There were reports of 11 incidents of suspected unlawful killings by security forces involving 15 victims during the year. All took place in Papua. Five involved members of the Indonesian military, two were attributed to the police, and four implicated both military and police officers. Authorities claimed that they had initiated investigations into four of the 11 incidents, but no one had been brought to justice in connection with any of the killings by the end of 2021.
On 4 June, Denis Tabuni and Eliur Kogoya were shot by a member of the military in a market in the town of Wamena in Jayawijaya Regency. Denis Tabuni died and Eliur Kogoya sustained a gunshot wound to his leg. Instead of an investigation, a “peace agreement” was signed between the alleged perpetrator and Eliur Kogoya’s family.6
On 16 August, police shot dead Ferianus Asso who was participating in a protest in Yahukimo Regency, Papua, to demand the release of Papuan pro-independence activist Victor Yeimo.
The disbursement of incentive payments to health workers in recognition of their work during the Covid-19 pandemic was delayed by data inconsistencies and bureaucratic hurdles. The incentive system was introduced in March but as of July at least 21,424 health workers across 21 provinces had experienced delays or even cuts to payments to which they were entitled. According to LaporCovid-19, an independent citizen-based reporting platform, many health workers had to go in person to the Ministry of Health in Jakarta to ensure that their data was accurately recorded; this was not always possible, especially for those working in more remote areas.7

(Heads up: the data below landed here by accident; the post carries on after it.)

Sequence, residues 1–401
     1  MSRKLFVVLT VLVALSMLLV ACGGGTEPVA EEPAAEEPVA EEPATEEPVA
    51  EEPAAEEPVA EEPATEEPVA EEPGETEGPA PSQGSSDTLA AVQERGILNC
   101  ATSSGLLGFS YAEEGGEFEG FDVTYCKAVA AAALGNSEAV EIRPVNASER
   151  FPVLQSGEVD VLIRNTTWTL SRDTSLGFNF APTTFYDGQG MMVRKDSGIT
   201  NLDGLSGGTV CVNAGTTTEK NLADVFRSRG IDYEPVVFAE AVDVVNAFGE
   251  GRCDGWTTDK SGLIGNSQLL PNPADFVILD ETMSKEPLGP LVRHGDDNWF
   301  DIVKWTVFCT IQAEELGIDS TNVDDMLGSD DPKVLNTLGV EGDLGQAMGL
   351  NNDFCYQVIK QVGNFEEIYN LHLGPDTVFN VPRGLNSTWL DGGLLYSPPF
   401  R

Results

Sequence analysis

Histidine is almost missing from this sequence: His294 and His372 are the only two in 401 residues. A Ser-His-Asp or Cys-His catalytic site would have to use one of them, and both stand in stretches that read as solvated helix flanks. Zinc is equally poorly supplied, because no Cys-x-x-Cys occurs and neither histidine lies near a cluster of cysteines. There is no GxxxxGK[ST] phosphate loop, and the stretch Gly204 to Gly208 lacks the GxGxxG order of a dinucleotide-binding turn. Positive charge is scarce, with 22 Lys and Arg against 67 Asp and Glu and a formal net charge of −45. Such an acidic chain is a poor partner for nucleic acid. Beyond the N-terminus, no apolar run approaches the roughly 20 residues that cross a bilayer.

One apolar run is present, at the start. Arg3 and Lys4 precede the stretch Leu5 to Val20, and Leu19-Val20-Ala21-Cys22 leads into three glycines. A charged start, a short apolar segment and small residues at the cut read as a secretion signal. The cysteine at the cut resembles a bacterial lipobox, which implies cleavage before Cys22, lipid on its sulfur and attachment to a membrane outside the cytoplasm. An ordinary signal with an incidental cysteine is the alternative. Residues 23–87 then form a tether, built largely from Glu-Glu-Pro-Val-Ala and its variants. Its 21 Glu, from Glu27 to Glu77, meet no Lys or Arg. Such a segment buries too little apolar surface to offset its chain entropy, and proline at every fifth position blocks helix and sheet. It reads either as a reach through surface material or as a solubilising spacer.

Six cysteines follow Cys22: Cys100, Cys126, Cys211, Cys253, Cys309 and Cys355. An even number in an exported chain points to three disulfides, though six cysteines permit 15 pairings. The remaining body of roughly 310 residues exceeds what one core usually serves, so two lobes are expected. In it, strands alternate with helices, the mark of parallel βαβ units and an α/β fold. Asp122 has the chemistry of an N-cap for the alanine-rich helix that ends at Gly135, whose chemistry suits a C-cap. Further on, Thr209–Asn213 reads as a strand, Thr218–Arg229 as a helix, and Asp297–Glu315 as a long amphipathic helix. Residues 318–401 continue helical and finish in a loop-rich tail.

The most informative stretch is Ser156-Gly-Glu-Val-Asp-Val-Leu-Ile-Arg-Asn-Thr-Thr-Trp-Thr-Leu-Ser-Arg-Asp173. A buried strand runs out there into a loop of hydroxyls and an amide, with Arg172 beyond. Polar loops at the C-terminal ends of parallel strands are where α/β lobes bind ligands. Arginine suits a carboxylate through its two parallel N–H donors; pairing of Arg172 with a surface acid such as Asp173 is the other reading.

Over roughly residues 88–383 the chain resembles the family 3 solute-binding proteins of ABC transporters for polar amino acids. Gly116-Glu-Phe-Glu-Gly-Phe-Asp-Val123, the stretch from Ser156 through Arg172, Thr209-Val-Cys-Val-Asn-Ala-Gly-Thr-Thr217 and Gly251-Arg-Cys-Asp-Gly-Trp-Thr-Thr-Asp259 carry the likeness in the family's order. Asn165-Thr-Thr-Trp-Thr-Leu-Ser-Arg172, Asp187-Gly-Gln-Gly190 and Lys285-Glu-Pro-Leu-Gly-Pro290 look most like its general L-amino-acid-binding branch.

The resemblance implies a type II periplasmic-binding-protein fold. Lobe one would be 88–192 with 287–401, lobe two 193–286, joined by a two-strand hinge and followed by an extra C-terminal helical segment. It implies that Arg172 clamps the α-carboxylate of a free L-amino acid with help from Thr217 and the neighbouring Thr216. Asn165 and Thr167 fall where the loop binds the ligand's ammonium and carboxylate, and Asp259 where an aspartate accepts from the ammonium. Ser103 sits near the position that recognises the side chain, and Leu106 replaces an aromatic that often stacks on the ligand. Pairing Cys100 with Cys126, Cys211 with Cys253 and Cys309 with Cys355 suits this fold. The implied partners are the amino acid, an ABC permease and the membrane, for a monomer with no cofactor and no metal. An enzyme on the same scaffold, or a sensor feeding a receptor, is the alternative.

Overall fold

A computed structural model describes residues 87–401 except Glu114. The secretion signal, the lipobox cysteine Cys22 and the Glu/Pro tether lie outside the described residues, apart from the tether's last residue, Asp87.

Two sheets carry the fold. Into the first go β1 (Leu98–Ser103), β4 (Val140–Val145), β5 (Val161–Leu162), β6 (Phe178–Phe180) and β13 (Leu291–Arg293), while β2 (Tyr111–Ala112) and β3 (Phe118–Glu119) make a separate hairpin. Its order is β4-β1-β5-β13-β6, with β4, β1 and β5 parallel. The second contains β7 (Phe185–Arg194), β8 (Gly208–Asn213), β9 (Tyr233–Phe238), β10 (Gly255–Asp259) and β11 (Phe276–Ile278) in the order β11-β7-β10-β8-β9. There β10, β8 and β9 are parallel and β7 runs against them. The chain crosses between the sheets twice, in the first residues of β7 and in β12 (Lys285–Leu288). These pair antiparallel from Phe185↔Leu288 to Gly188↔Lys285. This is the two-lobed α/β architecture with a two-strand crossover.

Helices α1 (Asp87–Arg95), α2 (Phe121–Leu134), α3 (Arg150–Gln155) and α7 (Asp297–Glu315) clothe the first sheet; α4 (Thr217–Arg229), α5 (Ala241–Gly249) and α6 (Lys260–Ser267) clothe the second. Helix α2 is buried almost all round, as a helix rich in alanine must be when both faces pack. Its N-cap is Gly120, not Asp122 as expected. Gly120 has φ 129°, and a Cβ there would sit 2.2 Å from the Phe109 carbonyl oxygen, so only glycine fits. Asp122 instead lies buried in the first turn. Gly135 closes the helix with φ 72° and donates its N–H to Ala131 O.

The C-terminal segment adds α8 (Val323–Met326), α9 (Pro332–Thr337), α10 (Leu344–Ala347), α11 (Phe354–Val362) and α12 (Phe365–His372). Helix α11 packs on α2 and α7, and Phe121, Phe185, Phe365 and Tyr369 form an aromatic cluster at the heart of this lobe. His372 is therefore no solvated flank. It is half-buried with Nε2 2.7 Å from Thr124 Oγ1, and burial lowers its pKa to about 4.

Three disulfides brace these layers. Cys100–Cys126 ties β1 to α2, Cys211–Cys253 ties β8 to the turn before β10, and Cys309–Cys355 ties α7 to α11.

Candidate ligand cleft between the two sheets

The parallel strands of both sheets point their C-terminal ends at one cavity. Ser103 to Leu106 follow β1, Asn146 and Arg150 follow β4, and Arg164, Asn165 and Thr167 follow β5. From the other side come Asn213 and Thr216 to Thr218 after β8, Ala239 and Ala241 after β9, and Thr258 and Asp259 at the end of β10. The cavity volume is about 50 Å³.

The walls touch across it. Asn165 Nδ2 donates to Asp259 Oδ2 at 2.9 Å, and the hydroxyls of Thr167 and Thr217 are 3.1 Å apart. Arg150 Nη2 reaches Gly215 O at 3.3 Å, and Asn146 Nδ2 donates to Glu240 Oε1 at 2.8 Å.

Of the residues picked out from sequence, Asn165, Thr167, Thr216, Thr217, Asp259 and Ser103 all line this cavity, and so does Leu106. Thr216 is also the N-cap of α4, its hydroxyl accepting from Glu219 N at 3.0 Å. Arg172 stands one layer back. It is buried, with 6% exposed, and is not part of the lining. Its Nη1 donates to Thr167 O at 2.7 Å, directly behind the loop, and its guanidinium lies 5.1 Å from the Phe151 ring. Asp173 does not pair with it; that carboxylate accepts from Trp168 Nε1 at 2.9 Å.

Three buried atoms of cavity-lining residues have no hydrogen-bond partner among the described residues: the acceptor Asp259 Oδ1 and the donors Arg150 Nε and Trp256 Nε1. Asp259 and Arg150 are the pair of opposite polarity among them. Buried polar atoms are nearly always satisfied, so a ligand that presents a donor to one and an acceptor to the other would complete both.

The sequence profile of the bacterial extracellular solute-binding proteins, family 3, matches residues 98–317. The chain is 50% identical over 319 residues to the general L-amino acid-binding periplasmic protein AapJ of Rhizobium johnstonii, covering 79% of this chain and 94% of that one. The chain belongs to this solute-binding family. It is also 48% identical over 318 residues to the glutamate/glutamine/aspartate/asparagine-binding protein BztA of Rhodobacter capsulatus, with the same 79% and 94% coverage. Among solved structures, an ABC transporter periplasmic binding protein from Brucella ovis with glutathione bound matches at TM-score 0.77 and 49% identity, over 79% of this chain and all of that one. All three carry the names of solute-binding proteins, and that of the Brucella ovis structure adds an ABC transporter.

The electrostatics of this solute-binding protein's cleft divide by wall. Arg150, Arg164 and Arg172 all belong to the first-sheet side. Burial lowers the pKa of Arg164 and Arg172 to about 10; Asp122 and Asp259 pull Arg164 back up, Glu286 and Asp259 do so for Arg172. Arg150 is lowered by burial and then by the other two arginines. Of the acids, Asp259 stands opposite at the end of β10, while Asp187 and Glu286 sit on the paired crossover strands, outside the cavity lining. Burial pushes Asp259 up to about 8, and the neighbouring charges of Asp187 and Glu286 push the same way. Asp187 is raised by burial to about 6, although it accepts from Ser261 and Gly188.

A former volunteer health worker at the Wisma Atlet Emergency Hospital in Jakarta was subjected to intimidation by the security forces after planning a press conference to publicize delays in the delivery of incentive payments. She said that she was interrogated for approximately five hours by security forces on 7 May in a hospital committee room.
The Ahmadiyya religious community continued to face discrimination and its members were denied the right to carry out religious activities in several provinces. In Sintang Regency, West Kalimantan province, local authorities issued a “Joint Agreement Letter” on 29 April forbidding the local Ahmadiyya community from practising their religion. On 13 August the Ahmadiyya mosque was closed down following pressure from a local Islamist group. The following month, a group of unidentified assailants attacked the mosque and burnt down an adjacent building. Authorities who were present took no action to prevent the attack.8
On 6 May, police officers stopped construction work on an Ahmadiyya mosque in Garut Regency, West Java province, and sealed off the site. The action was reportedly taken under an order from the Garut Regent following protests from local residents.9 Ahmadiyya community representatives were excluded from discussions between the local leaders and residents prior to the work on the mosque being halted. Their request to discuss the issue with the police was also rejected.